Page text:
There is a hardness at times to the recorded conversations of Jesus. His sayings are sometimes difficult for at least two reasons, the first being the hardship for His audience of discerning His message and the second being that they are difficult to digest even when understood. Make no doubt about it that there are teachings from the Bible that even many Christians still have a difficult time accepting.
One of the themes of Jesus’ conversations through John’s Gospel account is the inability of man to perceive heavenly things without being spiritually enabled. It’s as if Jesus was “throwing out a bone” with His statements that only the Holy Spirit could pick up on were He present in or impressing upon the listening party. Being born again, partaking of living water, and feasting upon the Bread come down from Heaven are all concepts that function as stumbling blocks unless and until those hang-ups are removed within the individuals. It has little to do with the difficulty of His sayings and everything to do with the ability on their parts to perceive the spiritual nature of what He is saying.
Verses 31-33 compare Jesus with the manna provided to the Israelites in the wilderness. The people, in completing their thought of “What sign or work will you do that we may believe?” from v. 30 have now associated a continual provision of physical needs as the necessary grounds for their belief in Christ. What we are seeing here is their stipulation of belief, conditions being laid down for a sufficient foundation to respond to in faith. That humans decide what God ought to do to woo them and win their faith is not how God operates, but when disbelief is present, people often like to try handing Him the rules as they see them.
Whether or not we could see it when we became aware of the story of the Israelites being fed manna in the wilderness back in Exodus 16, there was a foreshadowing to Christ in the manna that became apparent when He related to Himself as the Bread which had come down from Heaven. This whole conversation would keep hammering upon the picture of His identity as the Bread of Life, the resource that they needed for fullness and true spiritual fulfillment.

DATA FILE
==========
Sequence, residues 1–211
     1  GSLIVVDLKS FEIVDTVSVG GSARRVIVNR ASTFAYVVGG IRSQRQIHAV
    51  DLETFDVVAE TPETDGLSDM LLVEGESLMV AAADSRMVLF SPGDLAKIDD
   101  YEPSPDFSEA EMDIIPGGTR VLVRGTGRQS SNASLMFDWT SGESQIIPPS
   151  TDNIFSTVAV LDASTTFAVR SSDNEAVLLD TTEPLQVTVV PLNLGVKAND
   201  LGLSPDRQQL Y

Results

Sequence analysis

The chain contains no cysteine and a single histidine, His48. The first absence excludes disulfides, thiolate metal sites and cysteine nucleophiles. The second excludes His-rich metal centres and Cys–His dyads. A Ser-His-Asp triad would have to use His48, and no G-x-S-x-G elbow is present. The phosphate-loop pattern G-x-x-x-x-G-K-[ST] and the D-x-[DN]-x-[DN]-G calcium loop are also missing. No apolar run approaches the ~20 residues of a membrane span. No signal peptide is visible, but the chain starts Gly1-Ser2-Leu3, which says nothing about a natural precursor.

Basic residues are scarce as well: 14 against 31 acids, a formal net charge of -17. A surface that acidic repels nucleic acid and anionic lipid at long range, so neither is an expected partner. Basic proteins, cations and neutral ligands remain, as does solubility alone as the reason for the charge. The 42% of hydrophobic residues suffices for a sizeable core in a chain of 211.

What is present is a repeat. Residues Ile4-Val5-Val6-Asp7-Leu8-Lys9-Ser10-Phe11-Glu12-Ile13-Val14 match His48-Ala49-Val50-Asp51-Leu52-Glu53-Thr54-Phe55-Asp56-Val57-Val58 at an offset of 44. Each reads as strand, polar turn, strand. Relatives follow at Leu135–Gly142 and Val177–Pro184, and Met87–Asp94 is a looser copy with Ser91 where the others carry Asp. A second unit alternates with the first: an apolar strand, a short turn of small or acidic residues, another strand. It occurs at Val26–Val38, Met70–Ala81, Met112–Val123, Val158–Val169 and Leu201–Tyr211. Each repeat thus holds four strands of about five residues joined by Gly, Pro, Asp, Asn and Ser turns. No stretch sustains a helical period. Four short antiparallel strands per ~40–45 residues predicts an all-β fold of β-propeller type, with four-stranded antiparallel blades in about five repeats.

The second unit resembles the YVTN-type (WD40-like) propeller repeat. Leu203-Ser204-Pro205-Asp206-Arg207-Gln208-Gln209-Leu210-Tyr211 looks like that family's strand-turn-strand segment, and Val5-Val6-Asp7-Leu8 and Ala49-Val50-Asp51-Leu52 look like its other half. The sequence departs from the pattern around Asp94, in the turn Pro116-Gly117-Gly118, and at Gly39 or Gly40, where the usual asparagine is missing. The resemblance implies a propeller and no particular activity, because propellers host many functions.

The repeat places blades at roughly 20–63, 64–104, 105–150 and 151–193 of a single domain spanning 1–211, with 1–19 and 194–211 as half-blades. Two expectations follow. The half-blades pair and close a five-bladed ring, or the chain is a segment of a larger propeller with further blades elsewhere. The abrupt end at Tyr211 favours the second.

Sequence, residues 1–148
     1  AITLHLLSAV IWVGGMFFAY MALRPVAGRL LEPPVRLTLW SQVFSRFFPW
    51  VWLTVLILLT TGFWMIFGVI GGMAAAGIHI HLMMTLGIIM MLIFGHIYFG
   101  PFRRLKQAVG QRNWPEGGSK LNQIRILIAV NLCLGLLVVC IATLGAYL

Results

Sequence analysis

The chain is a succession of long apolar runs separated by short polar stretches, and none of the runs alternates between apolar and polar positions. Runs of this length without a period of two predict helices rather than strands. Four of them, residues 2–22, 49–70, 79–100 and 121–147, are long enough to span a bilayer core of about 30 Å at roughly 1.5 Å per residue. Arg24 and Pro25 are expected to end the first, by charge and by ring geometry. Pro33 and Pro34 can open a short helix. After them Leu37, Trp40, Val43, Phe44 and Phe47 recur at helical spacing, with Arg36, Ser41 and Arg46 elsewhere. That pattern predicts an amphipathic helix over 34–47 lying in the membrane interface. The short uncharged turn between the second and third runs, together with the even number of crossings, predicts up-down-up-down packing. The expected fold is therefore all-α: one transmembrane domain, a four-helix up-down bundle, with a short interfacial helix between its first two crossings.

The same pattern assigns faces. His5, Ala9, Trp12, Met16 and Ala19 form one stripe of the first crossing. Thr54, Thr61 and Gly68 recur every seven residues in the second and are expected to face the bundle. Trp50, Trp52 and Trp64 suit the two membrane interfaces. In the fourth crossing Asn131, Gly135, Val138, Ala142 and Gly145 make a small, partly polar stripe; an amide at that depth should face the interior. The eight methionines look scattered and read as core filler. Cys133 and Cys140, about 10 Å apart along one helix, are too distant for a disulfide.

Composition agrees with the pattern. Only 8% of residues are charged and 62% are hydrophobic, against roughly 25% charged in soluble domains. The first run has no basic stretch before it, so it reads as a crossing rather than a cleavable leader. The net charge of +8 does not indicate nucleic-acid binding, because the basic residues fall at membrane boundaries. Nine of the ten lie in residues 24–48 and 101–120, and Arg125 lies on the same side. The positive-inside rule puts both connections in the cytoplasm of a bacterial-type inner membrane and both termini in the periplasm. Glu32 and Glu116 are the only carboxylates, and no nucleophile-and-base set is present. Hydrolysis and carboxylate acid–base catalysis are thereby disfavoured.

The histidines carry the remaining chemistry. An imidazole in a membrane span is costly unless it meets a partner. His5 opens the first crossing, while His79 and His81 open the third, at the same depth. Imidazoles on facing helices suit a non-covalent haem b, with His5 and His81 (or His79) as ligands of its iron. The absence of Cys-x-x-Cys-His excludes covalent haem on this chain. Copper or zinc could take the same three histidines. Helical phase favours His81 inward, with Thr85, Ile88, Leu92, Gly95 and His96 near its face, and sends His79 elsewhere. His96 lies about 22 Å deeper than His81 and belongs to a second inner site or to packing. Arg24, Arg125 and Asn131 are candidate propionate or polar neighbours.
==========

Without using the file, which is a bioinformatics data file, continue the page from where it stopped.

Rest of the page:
Just as the Samaritan woman in John 4:15 would say, “Sir, give me this water, that I may not thirst, nor come here to draw,” the people would respond to Jesus’ statement in v. 33 with their response in v. 34, “Lord, give us this bread always.” The difference in the scenario of the latter part of John 6 is that the people didn’t end up believing and flocking to Him as did those in Samaria; they departed from Him to follow Him no more (John 6:66).
C.H. Spurgeon, the great English preacher of the 1800’s, was quoted as saying, “The same sun which melts the wax hardens the clay. And the same gospel which melts some persons to repentance hardens others in their sins.” We will soon see even in John 6 that the positive response of any person to the gospel has everything to do with their eternal predestination by the Father (Romans 8:30). This is not to say that God has predestined some to glory and some to damnation; rather, it is to say that all people would move to their own destruction were God not show mercy to any of them in His elective purposes.
The term “hardening,” which Romans 9:14-18 discusses, is the result of a lack of God’s determined intervention in a person’s life (think of His mercy as restraint or prevention, a blocking off of a certain path). When God hardened Pharoah’s heart (see specifically Exodus 7-13), He set up the circumstances to be persistently adverse towards the Egyptians and yet left Pharoah’s heart unrestrained, thus causing a hardening towards God and His people.
Each of the plagues should have brought about humility and brokenness, but what actually came forth was a great unwillingness to yield to God despite the unprecedented calamity that obviously came from God and not chance circumstances. These concepts certainly apply to the passage of John 6 in the people seeing unprecedented miracles only to feel that the grounds for belief were insufficient.